Tags: Biblical fishing, Christ the King, commentary on Matthew, glory of Christ, God's glory, holiness of God, Jesus Christ, Matthew 16, Matthew 17, Sunday School lessons on Matthew
In Matthew Chapter 17 the King gives His closest followers a glimpse of His glory. In Chapter 16 He had told them:
For the Son of man shall come in the glory of his Father with his angels; and then he shall reward every man according to his works.
They would get a preview of this glory very soon.
Verily I say unto you, There be some standing here, which shall not taste of death, till they see the Son of man coming in his kingdom. And after six days Jesus taketh Peter, James, and John his brother, and bringeth them up into an high mountain apart, And was transfigured before them: and his face did shine as the sun, and his raiment was white as the light.
This is what is known as the “Transfiguration.” Transfiguration is change, but not from outward forces, like remodeling a building or plastic surgery. It is change from within – transformation, not conformation.
While he yet spake, behold, a bright cloud overshadowed them: and behold a voice out of the cloud, which said, This is my beloved Son, in whom I am well pleased; hear ye him.
Part of God’s glory is His holiness. No one is like God. Here, He says that we should listen to and obey Christ because He is God incarnate.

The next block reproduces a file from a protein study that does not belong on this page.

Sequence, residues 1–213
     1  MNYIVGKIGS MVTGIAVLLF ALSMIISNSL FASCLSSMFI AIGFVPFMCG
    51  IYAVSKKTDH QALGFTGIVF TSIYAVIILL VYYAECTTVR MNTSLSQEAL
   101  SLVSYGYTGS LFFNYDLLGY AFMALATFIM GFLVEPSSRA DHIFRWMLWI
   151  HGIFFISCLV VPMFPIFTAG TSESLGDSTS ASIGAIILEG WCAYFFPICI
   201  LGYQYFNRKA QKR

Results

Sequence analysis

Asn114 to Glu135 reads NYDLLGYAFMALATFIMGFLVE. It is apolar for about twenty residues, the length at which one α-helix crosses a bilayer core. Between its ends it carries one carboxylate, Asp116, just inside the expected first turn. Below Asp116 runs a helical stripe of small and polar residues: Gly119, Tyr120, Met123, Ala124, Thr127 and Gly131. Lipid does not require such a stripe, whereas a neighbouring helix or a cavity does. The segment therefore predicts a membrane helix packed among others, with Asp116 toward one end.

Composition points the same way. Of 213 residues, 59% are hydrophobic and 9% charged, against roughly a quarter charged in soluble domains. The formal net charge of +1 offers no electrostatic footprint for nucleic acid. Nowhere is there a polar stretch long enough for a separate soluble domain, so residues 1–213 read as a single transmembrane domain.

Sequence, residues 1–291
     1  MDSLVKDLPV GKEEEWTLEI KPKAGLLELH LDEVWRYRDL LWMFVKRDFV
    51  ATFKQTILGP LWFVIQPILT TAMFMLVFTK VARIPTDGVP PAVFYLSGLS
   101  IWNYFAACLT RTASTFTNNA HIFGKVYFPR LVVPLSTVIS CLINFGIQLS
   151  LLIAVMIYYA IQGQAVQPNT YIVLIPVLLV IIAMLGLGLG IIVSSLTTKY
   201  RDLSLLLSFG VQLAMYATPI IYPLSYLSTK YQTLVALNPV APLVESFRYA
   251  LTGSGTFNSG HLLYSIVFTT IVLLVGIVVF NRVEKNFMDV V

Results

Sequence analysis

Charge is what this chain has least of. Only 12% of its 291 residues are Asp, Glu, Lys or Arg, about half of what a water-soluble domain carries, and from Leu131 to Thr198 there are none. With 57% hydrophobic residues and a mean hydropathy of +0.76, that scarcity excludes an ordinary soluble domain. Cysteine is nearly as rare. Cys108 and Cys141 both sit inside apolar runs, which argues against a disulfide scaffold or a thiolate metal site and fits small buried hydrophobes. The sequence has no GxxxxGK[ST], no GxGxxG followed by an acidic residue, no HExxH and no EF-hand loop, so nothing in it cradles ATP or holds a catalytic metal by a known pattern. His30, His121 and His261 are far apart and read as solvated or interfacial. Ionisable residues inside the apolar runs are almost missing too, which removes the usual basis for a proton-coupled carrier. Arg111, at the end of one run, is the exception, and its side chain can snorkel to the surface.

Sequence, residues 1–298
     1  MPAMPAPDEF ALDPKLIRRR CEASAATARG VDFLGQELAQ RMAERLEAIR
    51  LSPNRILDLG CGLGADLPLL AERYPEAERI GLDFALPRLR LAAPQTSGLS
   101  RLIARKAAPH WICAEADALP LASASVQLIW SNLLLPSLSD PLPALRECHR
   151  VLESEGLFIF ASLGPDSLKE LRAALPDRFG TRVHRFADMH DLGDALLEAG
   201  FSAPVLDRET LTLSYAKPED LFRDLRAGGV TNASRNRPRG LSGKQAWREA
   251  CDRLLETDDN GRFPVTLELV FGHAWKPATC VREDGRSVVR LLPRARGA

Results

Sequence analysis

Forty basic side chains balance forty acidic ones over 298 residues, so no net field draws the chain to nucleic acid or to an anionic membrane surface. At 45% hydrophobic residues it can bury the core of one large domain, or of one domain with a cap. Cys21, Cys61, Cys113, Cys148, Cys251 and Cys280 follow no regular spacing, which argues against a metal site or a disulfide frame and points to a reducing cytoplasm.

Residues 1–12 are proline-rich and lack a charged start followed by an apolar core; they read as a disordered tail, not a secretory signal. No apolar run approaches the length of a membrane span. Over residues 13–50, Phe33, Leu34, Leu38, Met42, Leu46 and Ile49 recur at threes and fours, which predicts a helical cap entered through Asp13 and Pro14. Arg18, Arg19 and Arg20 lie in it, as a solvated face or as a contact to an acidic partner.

And when the disciples heard it, they fell on their face, and were sore afraid.
“Glory” also speaks of the “weight” of God – the magnitude of God. No one can stand in His presence – not even angels. We talk about “weightier” and “lighter” matters, and God is the “heaviest” subject about Whom we could ever speak.
The King’s glory helps us to understand the King’s power. The nine Disciples who had not gone up into the Mount of Transfiguration were now faced with a demon they couldn’t handle.
And when they were come to the multitude, there came to him a certain man, kneeling down to him, and saying, Lord, have mercy on my son: for he is lunatick, and sore vexed: for ofttimes he falleth into the fire, and oft into the water. And I brought him to thy disciples, and they could not cure him.
They could not handle this demon because they had been guilty of a lack of discipline. They had not been praying and fasting. If the glory of the King – Who Himself was disciplined – doesn’t motivate us to be disciplined, then we can’t be trusted with the power of the King.
Now the Holy Spirit inspires Matthew, the former tax collector, to tell about what happened when the King was challenged to pay taxes. (Normally kings receive taxes!)
And when they were come to Capernaum, they that received tribute money came to Peter, and said, Doth not your master pay tribute? He saith, Yes. And when he was come into the house, Jesus prevented him, saying, What thinkest thou, Simon? of whom do the kings of the earth take custom or tribute? of their own children, or of strangers? Peter saith unto him, Of strangers. Jesus saith unto him, Then are the children free. Notwithstanding, lest we should offend them, go thou to the sea, and cast an hook, and take up the fish that first cometh up; and when thou hast opened his mouth, thou shalt find a piece of money: that take, and give unto them for me and thee.